Designed at MIT's Media Lab, Boxie is an adorable cardboard robot that films you with its eyes. Alexander Reben, of the Responsive Environments group, explains that Boxie's lack of complexity is its best asset. The little bot's helplessness wins humans over, and they in turn help it shoot a documentary film. This video from MIT's LabCast series by Paula Aguilera shows Boxie in action.
Boxie is unusual for a robot, in that it is designed to influence and use humans, rather than the other way around. Its creators, Joe Paradiso and Alexander Reben, describe the goals of the project on the Responsive Environments group's site:
How do we leverage people to make systems more intelligent, efficient, and successful? Is it worthwhile to involve people heavily in the goals of a system? How does a system most effectively coax stories out of people? To investigate these questions, a robot was built that facilitated interaction and documentary gathering within an ubiquitous media framework. We then let the robot roam freely, with the goal of capturing stories about its environment. This was done by leveraging human mobility and intelligence, as the robot relied upon people to move long distances and achieve its goals. The end products were a study of how people related to a robot asking for assistance and interaction in various ways, and a set of movies showing the robot navigating the resulting "thread" of a narrative.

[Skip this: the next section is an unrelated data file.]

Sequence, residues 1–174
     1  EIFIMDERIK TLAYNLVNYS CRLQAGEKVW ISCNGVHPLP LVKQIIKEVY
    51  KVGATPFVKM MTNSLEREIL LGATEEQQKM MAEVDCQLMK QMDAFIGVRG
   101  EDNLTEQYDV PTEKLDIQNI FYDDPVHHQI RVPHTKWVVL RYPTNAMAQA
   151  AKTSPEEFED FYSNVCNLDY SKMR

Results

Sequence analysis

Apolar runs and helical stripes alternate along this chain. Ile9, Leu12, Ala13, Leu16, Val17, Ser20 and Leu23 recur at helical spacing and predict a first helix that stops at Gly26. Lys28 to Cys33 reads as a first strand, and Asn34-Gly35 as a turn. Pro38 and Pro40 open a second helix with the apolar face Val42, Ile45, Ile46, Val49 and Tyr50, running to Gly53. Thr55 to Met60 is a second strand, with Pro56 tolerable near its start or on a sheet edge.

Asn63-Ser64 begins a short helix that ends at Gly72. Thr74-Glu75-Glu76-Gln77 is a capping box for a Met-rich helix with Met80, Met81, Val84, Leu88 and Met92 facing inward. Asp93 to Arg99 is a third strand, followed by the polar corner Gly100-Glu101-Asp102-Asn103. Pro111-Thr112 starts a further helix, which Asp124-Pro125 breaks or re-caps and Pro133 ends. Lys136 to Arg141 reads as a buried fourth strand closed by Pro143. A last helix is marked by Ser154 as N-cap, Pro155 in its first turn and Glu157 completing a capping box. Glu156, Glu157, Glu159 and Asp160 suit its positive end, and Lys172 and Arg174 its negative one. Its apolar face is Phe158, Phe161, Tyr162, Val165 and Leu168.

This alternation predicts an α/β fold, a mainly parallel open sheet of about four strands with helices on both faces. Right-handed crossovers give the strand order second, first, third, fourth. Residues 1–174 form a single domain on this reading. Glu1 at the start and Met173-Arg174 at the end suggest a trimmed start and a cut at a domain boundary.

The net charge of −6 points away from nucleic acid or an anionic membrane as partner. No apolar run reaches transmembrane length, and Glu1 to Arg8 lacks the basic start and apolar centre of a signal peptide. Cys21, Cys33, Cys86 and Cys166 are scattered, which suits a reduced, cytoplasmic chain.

The project is also fascinating from a documentary perspective. Here the agency of the filmmaker is redistributed between the autonomous robot and the subjects of its film. It's interesting to imagine what kind of film you could make by unleashing 100 Boxies in a city. That is, assuming you could recover them at some point -- Boxie's cuteness and portability might actually be a liability if people are inspired to kidnap it.
For more videos from LabCast, visit http://labcast.media.mit.edu/.
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